Ethnomusicology is an academic discipline with a very broad mandate: to understand why and how human beings are musical through the study of music in all its geographical and historical diversity. Ethnomusicological scholarship, however, has been remiss in articulating such goals, methods, and theories. A renowned figure in the field, Timothy Rice is one of the few scholars to regularly address this problem. In this volume, he offers a compilation of essays drawn from across his career that finds implicit and yet largely unrecognized patterns unifying ethnomusicology over its recent history. Modeling Ethnomusicology summarizes thirty years of thinking about the field of ethnomusicology as Rice frames and reframes the content of eight of his most important essays from their original context in relation to the environment of today's ethnomusicology. Rice proposes a variety of models meant to guide students and researchers in their study of ethnomusicology. Some of these models pull together disparate strands of the field, while others propose heuristic models that generate questions for researchers as they plan and conduct their research. A new introduction to these essays reviews the history of his writing about ethnomusicology and proposes an innovative model for theorizing in ethnomusicology by ethnomusicologists. This book will be an enduring, essential text in undergraduate and graduate ethnomusicology classrooms, as well as a must-buy for established scholars in the field.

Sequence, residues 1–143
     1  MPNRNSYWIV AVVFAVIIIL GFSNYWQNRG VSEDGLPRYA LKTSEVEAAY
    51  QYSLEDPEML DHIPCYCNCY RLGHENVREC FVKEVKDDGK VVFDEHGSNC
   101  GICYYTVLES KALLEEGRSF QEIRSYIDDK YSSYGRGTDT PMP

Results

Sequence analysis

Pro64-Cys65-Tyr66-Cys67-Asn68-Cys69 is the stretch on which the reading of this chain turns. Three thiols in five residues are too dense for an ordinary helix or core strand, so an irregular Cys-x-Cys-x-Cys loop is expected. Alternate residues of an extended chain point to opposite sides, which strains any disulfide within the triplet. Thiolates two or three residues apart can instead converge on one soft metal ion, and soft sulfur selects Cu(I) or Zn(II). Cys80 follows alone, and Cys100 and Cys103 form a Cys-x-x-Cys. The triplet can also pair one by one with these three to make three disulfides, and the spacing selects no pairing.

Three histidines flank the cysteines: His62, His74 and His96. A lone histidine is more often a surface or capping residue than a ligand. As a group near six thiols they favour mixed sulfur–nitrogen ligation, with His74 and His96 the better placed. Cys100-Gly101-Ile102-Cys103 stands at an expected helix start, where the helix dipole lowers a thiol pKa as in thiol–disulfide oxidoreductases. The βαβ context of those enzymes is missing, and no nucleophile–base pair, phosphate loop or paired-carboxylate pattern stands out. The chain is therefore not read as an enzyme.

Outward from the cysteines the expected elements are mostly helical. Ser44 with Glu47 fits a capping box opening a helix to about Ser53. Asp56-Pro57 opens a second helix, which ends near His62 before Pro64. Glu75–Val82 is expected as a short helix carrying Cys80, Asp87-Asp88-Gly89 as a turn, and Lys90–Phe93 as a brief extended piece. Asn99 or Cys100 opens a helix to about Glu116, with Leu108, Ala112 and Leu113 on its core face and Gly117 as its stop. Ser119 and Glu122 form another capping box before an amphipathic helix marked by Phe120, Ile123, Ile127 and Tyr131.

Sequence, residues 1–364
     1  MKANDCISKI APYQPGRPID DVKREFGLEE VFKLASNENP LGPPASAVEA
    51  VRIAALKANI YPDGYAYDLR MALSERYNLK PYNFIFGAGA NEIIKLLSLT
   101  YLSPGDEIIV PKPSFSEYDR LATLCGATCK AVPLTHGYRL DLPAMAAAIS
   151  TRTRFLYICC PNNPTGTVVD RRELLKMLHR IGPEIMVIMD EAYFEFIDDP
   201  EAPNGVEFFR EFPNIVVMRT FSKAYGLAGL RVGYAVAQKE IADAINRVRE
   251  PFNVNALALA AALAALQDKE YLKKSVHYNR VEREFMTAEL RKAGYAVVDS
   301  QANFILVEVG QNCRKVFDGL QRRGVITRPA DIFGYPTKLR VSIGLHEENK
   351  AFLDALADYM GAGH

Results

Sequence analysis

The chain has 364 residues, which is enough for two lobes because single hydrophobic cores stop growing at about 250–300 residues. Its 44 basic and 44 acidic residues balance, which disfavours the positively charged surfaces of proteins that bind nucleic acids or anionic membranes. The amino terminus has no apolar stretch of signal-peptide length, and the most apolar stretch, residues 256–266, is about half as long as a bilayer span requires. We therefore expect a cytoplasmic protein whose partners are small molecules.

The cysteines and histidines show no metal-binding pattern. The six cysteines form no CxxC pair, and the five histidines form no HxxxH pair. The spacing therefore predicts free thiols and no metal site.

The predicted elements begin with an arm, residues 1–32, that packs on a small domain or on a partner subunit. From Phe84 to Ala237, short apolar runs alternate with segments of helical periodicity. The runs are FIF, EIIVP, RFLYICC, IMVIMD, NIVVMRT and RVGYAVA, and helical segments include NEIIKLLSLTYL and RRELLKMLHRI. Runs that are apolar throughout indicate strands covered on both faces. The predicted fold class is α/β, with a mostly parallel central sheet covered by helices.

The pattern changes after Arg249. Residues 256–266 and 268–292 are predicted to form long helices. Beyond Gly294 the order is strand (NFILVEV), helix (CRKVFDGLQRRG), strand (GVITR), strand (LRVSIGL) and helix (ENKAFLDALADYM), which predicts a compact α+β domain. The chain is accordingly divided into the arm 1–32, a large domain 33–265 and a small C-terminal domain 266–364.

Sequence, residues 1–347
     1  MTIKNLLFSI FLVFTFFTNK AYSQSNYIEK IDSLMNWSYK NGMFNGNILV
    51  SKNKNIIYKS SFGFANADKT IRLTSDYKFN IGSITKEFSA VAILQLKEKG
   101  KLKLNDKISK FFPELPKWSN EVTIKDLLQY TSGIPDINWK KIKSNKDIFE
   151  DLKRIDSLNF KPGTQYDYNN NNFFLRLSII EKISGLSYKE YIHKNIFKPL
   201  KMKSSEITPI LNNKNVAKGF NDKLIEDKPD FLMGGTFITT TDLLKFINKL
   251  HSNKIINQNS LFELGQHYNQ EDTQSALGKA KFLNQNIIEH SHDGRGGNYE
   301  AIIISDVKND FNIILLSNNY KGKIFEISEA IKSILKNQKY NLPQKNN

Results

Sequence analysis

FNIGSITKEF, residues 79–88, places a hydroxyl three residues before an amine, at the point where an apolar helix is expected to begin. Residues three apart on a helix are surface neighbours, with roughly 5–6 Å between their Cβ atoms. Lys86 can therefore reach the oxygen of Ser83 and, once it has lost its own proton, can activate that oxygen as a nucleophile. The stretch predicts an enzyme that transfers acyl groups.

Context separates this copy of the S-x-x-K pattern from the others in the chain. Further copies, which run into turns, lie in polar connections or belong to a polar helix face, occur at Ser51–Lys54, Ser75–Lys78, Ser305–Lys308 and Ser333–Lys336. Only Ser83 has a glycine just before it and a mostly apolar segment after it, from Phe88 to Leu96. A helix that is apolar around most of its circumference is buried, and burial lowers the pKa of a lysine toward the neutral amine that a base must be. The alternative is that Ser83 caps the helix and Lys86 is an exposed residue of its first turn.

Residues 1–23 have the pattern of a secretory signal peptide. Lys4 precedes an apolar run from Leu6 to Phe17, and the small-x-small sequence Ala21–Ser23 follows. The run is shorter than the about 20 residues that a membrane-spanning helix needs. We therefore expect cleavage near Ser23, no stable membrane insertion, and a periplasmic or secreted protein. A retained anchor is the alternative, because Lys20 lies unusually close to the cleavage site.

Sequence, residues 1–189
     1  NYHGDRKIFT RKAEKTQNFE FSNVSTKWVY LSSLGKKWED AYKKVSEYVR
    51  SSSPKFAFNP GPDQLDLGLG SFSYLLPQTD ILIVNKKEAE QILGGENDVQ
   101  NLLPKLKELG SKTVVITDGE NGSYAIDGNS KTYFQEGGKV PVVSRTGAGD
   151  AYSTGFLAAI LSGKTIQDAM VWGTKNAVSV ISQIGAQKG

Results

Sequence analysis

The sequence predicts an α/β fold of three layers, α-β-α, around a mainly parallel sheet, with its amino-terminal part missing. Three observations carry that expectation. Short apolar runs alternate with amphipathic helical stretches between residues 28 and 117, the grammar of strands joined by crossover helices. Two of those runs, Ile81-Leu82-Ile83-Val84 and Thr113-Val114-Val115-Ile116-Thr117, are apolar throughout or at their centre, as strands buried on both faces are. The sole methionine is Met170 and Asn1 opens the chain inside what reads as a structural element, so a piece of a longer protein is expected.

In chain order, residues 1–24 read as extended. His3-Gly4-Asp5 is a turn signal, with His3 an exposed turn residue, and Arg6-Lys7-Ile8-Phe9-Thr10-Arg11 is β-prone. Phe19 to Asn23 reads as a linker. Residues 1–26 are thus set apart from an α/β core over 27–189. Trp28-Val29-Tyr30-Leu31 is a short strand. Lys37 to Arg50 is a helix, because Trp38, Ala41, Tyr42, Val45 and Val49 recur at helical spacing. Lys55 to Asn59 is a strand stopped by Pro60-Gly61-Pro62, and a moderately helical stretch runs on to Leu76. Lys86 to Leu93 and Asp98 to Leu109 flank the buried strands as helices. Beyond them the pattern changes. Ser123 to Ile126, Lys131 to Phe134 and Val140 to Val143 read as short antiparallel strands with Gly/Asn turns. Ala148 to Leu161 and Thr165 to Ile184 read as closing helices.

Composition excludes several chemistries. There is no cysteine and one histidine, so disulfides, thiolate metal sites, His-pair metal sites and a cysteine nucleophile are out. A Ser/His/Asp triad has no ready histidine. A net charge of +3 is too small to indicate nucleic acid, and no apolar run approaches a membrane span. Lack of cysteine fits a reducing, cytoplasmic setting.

Ethnomusicologists believe that all humans, not just those we call musicians, are musical, and that musicality is one of the essential touchstones of the human experience. This insight raises big questions about the nature of music and the nature of humankind, and ethnomusicologists argue that to properly address these questions, we must study music in all its geographical and historical diversity. In this Very Short Introduction, one of the foremost ethnomusicologists, Timothy Rice, offers a compact and illuminating account of this growing discipline, showing how modern researchers go about studying music from around the world, looking for insights into both music and humanity. The reader discovers that ethnomusicologists today not only examine traditional forms of music-such as Japanese gagaku, Bulgarian folk music, Javanese gamelan, or Native American drumming and singing-but also explore more contemporary musical forms, from rap and reggae to Tex-Mex, Serbian turbofolk, and even the piped-in music at the Mall of America. To investigate these diverse musical forms, Rice shows, ethnomusicologists typically live in a community, participate in and observe and record musical events, interview the musicians, their patrons, and the audience, and learn to sing, play, and dance. It's important to establish rapport with musicians and community members, and obtain the permission of those they will work with closely over the course of many months and years. We see how the researcher analyzes the data to understand how a particular musical tradition works, what is distinctive about it, and how it bears the personal, social, and cultural meanings attributed to it. Rice also discusses how researchers may apply theories from anthropology and other social sciences, to shed further light on the nature of music as a human behavior and cultural practice. About the Series: Oxford's Very Short Introductions series offers concise and original introductions to a wide range of subjects--from Islam to Sociology, Politics to Classics, Literary Theory to History, and Archaeology to the Bible. Not simply a textbook of definitions, each volume in this series provides trenchant and provocative--yet always balanced and complete--discussions of the central issues in a given discipline or field. Every Very Short Introduction gives a readable evolution of the subject in question, demonstrating how the subject has developed and how it has influenced society. Eventually, the series will encompass every major academic discipline, offering all students an accessible and abundant reference library. Whatever the area of study that one deems important or appealing, whatever the topic that fascinates the general reader, the Very Short Introductions series has a handy and affordable guide that will likely prove indispensable.